Continuing Education – Endoscope Drying (1 CE Credit)

The goal of this program is to understand…

  •  WHY we need to dry our scopes
  • HOW we can accomplish this
  • WHAT is out there to automate the process.

The program is a 1 hour presentation either in person or through a webinar.

Research and Articles


Talented Labor Pool a Challenge for EMS Providers

Workers skilled in electrical wiring and installation in medical products can be difficult to find.

Michael Barbella, Managing Editor 03.31.21

Last spring, Vexos Inc. received a federal contract to produce 10,000 mechanical ventilators for COVID-19 patients in Canada. The global electronics manufacturing services (EMS) and custom material solutions provider was part of a consortium that worked to ensure the Land of Maple Syrup had a sufficient ventilator supply for its hospitalized patients.

Vexos worked with Elemaster Group and JMP Solutions to manufacture the Mechanical Ventilator Milano (MVM), an electrically operated, microprocessor-controlled, pneumatically driven machine. The project truly was a collaborative effort: Elemaster designed the ventilator, JPM Solutions made the mechanical sub-assembly, and Vexos provided the electronics (and tested the device).

“We recognized the need to partner with an experienced EMS organization with strong manufacturing and supply chain presence in the medical sector, and the ability to meet U.S. and Canadian regulatory requirements,” Elemaster President/CEO Gabriele Cogliati said. “In Vexos, we have a partner that aligns with us and our goal, to provide the MVM Ventilator globally.”

Such partnerships were commonplace in the pandemic’s early days as companies from all walks of life (including healthcare) turned to EMS providers for help in navigating COVID-19-induced supply chain challenges and equipment shortages. Their expertise particularly was crucial in maintaining device connectivity and meeting the skyrocketing demand for telehealth services and remote patient monitoring technology.

Medical Product Outsourcing’s January/February feature, Virtual Allies, examines the key role EMS providers played in helping address the medtech industry’s quickly-changing needs. Thomas Allen, vice president at Elgin, Ill.-based TRICOR Systems Inc., was among the experts interviewed for the story. His full input is provided in the following Q&A.

The Dri-Scope Aid® team has done some research for you. The research below not only focuses on WHY you should be drying, but HOW you can accomplish this important step in your reprocessing cycle.

Comparison of automated and manual drying in the elimination of residual endoscope working channel fluid after reprocessing (with video).

Results: Significantly more fluid droplets were evident after manual drying than with automated device-facilitated drying for either 5 minutes (.83t 1.29: P=.007) or 10 minutes (0 t 0: P=.001).  ATP bioluminescence values were higher for manual drying compared with automated drying at 48 and 72 hours after reprocessing.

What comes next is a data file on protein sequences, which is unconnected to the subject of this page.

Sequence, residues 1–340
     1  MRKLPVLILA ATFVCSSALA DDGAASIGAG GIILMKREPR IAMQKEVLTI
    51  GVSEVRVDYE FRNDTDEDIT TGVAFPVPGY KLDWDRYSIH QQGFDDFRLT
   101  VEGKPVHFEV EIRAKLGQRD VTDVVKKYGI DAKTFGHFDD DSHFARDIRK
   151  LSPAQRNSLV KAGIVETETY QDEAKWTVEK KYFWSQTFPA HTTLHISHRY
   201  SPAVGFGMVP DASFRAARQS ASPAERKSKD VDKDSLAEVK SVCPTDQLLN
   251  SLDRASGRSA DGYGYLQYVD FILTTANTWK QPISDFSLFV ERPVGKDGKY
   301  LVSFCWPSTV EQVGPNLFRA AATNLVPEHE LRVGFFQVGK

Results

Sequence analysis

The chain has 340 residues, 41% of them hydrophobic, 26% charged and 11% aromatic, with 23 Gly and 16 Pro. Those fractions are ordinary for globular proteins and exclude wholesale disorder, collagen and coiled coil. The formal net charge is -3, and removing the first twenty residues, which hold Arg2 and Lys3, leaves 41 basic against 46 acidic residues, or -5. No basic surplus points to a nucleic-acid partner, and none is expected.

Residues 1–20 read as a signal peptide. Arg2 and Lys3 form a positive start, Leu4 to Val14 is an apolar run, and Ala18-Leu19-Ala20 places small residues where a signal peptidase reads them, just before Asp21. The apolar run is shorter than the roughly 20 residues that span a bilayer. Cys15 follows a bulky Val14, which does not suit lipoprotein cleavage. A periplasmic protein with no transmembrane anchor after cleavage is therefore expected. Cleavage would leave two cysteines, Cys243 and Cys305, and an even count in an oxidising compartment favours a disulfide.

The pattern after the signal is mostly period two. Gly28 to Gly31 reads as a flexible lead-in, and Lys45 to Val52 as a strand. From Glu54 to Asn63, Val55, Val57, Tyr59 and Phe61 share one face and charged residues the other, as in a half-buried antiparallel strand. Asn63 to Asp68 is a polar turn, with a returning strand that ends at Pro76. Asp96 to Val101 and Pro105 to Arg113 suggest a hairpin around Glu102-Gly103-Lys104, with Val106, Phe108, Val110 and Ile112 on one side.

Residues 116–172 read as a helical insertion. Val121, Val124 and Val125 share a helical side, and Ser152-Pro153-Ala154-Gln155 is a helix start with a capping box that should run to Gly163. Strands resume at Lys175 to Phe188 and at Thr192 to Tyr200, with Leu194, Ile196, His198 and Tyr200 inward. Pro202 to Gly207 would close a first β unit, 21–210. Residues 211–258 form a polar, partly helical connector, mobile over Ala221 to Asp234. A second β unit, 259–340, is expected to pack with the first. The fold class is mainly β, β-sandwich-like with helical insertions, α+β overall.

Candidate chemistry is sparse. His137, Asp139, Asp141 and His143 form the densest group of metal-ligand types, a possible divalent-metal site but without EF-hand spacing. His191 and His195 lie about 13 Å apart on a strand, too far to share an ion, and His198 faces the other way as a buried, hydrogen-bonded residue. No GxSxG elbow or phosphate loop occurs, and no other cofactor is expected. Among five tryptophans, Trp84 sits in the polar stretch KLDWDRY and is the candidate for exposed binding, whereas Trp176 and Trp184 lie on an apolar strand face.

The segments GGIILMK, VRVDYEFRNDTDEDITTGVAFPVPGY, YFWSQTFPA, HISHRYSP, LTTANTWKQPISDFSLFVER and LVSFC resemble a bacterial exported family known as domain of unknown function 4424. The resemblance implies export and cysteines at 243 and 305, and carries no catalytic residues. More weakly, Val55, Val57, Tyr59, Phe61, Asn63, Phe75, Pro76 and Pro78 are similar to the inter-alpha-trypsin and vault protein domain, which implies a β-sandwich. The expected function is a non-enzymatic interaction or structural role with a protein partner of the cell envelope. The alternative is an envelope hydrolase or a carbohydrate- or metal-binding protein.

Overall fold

Barakat MT1Huang RJ1Banerjee S1 Division of Gastroenterology and Hepatology, Stanford University School of Medicine, Stanford, CA
Gastrointest Endosc. 2019 Jan;89(1):124-132.e2. doi: 10.1016/j.gie.2018.08.033. Epub 2018 Aug 25

Endoscope reprocessing: Comparison of drying effectiveness and microbial levels with an automated drying and storage cabinet with forced filtered air and a standard storage cabinet.

Results: Using the automated drying and storage cabinet, internal channels were dry at 1 hour and external surfaces at 3 hours in all endoscopes. With the standard storage cabinet, there was residual internal fluid at 24 hours, whereas external surfaces were dry at 24 hours. For bronchoscopes, colonoscopes, and duodenoscopes, the standard cabinet allowed for an average rate of colony forming unit growth of 8.1 × 106 per hour, 8.3 × 106 per hour, and 7.0 × 107 per hour, respectively; the automated cabinet resulted in colony forming unit growth at an average rate of -28.4 per hour (P = .02), -38.5 per hour (P = .01), and -200.2 per hour (P = .02), respectively.

Perumpail RB1Marya NB1McGinty BL2Muthusamy VR3 David Geffen School of Medicine at UCLA, Los Angeles, CA  Department of Gastroenterology Services, Northside Hospital, Atlanta GA
Am J Infect Control. 2019 Apr 6. pii: S0196-6553(19)30104-X. doi: 10.1016/j.ajic.2019.02.016

Residual moisture and waterborne pathogens inside flexible endoscopes: Evidence from a multisite study of endoscope drying effectiveness.

Results: Fluid was detected in 22 of 45 (49%) endoscopes. Prevalence of moisture varied significantly by site (5%; 83%; 85%; P < .001). High adenosine triphosphate levels were found in 22% of endoscopes, and microbial growth was detected in 71% of endoscopes. Retained fluid was associated with significantly higher adenosine triphosphate levels (P < .01). Reprocessing and drying practices conformed with guidelines at 1 site and were substandard at 2 sites. Damaged endoscopes were in use at all sites.

Ofstead CL1, Heymann OL2, Quick MR2, Eiland JE2, Wetzler HP2 Ofstead & Associates, Inc Saint Paul, MNAm J Infect Control. 2018 Jun;46(6):689-696. doi: 10.1016/j.ajic.2018.03.002. Epub 2018 Mar 30.


Dri-Scope Aid® Jet-Stream Quick Start Guide


Dri-Scope Aid® Jet-Stream Out of the Box Setup


Dri-Scope Aid® Jet-Stream
Filter Replacement & Pressure Test


Dri-Scope Aid® Cabinet